Books and Holidays

Written by Donna

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December 27, 2012

Books and Christmas just seem to go together around our house.

It seems that nearly every year, my husband gives me a book, and I naturally give him one in return.  Now it’s true that some years we’ve browsed and browsed and haven’t found anything the other would like, in which case gift cards were clearly the answer, but there’s nearly always a book under the tree for each of us each year.

Railsea

Railsea

My gift to him this year was China Mieville’s Railsea—he’s one of my husband’s favorite writers, and he’s been good enough the past two years to have a newish title out for the holidays—something released within 6 months.  This year, like last year, I got a biography: The Fry Chronicles, which is Stephen Fry’s tale of his years at Cambridge, where he met Hugh Laurie and Emma Thompson.  I dove right in that morning—a complete report will be forthcoming.

The Fry Chronicles

The Fry Chronicles

Oddly enough, though, we never give our adult daughter books anymore.  Part of that is that, as a very busy college student, she doesn’t really have much time to read and currently has a pile of stuff she wants to get through.  The other part of it is that she’s just coming into her own tastes as a reader and it’s a bit difficult to know what to get her these days.

Not so when she was little—it was so much easier to choose books for a little girl.  Harry Potter, Laura Ingalls Wilder, Anne of Green Gables—all the usual suspects.  Right now my big book choice issue is selecting reading material for my nephew, who will be 7 in a week or so.  Because he lives so far away, I have no idea what he has in his library.  And I also don’t know what the average 7 year old boy is reading these days—or what they ever did read.  I was never a 7 year old boy.  In the past I’ve given him Shel Silverstein and some Elephant and Piggie books and a few other things.  But I’m a bit stumped now. His parents are a bit conservative, so things like Captain Underpants are not approved of.

Which means a trip to the bookstore.  What a shame…

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8 Comments

  1. Ephemeral Pleasures

    I have a seven-year-old nephew too. I don’t think he’s an especially strong reader for his age, but his family does a lot of reading aloud. I often give the first book of a series and then hear that they work through the rest of them. This Christmas I sent the first of Lloyd Alexander’s Prydain Chronicles. He’s also been enjoying the ThirtyNine Clues series. LM Montgomery’s Story Girl and Golden Road, judged So You Want To Be a Wizard “too scary” and it took a six month wait to make a second attempt, loves Harry Potter as far as his parents are willing to read at his age (book 5 I think), loves Swallows and Amazons, likes Pippi Longstocking.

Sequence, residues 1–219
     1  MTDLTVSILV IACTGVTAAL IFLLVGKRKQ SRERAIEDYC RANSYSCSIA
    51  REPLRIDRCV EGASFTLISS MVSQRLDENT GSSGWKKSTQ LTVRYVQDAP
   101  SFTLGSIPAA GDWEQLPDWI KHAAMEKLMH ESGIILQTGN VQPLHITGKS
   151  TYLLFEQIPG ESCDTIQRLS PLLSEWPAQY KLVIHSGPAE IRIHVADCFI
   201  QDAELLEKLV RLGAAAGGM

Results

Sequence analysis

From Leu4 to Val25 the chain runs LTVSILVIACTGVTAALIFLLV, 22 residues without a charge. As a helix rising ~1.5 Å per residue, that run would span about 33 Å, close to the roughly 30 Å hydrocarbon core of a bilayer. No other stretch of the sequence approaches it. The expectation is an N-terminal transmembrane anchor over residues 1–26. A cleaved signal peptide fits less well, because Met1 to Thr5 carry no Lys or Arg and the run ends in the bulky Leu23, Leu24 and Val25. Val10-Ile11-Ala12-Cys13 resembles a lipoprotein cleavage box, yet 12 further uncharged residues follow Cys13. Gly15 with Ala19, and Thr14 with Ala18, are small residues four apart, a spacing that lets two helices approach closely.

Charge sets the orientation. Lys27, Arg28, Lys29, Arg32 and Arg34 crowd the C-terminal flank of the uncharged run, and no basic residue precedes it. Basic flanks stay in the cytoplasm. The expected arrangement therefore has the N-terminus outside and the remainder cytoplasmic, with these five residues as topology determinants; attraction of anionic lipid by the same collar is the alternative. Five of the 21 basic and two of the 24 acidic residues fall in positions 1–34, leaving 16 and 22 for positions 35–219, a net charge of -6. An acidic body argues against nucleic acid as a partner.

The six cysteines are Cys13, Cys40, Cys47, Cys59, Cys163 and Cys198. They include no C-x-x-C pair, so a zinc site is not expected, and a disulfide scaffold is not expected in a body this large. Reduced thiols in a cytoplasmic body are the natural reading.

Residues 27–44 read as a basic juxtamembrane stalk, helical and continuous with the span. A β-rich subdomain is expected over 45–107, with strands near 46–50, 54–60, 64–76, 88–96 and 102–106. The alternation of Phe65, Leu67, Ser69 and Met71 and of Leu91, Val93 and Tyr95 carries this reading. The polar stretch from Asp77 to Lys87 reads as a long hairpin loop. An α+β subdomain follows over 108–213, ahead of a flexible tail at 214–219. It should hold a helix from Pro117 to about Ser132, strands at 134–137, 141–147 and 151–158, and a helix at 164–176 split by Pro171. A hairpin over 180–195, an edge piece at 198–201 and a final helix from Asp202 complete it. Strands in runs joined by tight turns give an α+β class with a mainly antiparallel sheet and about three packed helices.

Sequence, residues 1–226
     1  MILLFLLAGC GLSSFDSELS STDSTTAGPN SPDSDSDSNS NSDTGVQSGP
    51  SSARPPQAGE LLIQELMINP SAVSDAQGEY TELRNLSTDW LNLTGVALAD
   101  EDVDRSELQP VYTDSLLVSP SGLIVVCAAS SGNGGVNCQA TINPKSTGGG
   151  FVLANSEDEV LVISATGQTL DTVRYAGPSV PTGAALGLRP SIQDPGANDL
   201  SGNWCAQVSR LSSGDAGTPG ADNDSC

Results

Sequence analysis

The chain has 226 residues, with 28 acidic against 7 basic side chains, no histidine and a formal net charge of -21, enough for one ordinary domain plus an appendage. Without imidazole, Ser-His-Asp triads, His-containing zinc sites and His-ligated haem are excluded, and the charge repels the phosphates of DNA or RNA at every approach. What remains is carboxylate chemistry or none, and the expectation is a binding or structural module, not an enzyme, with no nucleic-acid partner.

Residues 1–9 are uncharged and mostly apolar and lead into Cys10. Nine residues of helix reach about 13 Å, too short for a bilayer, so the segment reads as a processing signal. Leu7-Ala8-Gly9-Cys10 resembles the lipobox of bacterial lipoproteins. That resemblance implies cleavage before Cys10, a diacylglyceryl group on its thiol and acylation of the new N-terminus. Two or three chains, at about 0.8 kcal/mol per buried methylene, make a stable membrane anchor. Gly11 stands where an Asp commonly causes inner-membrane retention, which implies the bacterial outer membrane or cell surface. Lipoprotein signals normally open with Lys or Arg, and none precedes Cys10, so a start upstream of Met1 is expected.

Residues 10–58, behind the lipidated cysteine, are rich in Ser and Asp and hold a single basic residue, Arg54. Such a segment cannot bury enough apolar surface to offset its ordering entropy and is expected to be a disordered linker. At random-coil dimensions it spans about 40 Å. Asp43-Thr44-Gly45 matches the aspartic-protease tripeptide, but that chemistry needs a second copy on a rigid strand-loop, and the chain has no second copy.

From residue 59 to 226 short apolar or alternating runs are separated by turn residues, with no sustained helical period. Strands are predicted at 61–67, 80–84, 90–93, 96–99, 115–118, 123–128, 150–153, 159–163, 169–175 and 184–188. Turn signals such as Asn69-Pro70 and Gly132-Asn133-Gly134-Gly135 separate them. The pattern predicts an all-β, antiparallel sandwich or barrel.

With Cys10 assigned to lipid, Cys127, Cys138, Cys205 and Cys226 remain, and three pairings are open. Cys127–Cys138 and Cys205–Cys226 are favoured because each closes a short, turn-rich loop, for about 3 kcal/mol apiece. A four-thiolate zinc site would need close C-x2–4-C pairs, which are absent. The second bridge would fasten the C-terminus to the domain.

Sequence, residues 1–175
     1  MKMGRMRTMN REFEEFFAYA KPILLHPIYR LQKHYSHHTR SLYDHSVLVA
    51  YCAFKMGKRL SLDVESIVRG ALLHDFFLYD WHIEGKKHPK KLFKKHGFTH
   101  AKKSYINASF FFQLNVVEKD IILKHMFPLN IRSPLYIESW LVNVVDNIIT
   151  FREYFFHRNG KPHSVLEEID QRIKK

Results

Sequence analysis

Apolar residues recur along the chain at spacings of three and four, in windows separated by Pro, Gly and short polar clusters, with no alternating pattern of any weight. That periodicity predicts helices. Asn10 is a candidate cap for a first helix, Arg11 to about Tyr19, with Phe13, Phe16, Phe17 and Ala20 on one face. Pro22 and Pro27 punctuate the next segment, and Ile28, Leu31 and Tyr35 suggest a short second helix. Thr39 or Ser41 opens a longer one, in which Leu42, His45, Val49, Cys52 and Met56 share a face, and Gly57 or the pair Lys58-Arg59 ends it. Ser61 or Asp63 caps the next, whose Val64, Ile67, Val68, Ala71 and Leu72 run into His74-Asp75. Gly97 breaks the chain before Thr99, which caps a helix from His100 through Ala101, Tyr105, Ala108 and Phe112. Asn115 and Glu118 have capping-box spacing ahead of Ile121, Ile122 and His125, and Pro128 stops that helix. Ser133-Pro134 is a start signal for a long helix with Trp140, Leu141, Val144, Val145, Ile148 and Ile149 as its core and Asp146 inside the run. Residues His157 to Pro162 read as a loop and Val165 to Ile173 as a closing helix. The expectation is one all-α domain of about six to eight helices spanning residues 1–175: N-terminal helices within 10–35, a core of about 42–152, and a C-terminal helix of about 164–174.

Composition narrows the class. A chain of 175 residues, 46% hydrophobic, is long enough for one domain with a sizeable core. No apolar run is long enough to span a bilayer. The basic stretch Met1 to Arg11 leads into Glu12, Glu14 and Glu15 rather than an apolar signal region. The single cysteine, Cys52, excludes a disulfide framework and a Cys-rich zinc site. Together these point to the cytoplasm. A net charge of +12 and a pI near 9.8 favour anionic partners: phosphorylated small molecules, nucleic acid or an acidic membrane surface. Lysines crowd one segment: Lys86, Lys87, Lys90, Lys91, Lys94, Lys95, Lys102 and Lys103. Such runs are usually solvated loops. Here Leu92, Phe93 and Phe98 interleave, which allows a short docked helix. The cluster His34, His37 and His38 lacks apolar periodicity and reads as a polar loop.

• donna

      Thanks for the suggestions. My nephew isn’t a strong reader either, but I know his parents read to him every night, so even something a little too difficult for him would still work. I’m just not sure what types of things he likes, or even if he knows, so all of those might be good choices. Thanks!

    • Ephemeral Pleasures

      The first Christmas that my nephew was into reading, I did the rounds of the used book stores and my shelves and collected about twelve books – that year it was easy because I was pretty sure he hadn’t encountered any of it yet – and wrote up bookmarks like “Your mum liked this when she was a girl. There are some scary parts.” or “This copy used to belong to Uncle Joe” or “This is an old-fashioned story with kids as detectives, but some of the words and ideas in it are not okay nowadays” (referring to some casual racism in Enid Blyton)”. He loved the bookmarks and his parents appreciated the warnings.

      Oh! Also E. Nesbit and Edward Eager, if they’re reading aloud.

    • donna

      Oooh, I like the bookmark idea. In fact, that gives me an idea–thanks!

  2. Rosary

    What about the Percy Jackson books? Or any of Riordan’s books? I’m biased though I love mythology, and those books are full of mythology. Riordan, however, was writing them for his son, so they are attractive to boys.

    • donna

      I’m not sure he’s ready for something like that. He’s really not a very strong reader, and I think those will be better when he’s a bit older and his skills are better.

  3. DrMM

    I’ll suggest the diary of a wimpy kid books. My nephew started reading them when he was about eight or nine but his younger sister started reading them when she was much younger (she’s now 9 and he’s 12). I think the pictures do a lot to help make them interesting and easier to read for kids who either aren’t great readers or who don’t like reading that much. And for the record, my family is extremely conservative, so if my sister allows her kids to read them, I doubt your family would have an issue with them.

    • donna

      Thank you! They’re one of the series of books I was hoping to look at to see if they’d work for him. It’s good to have another opinion 🙂

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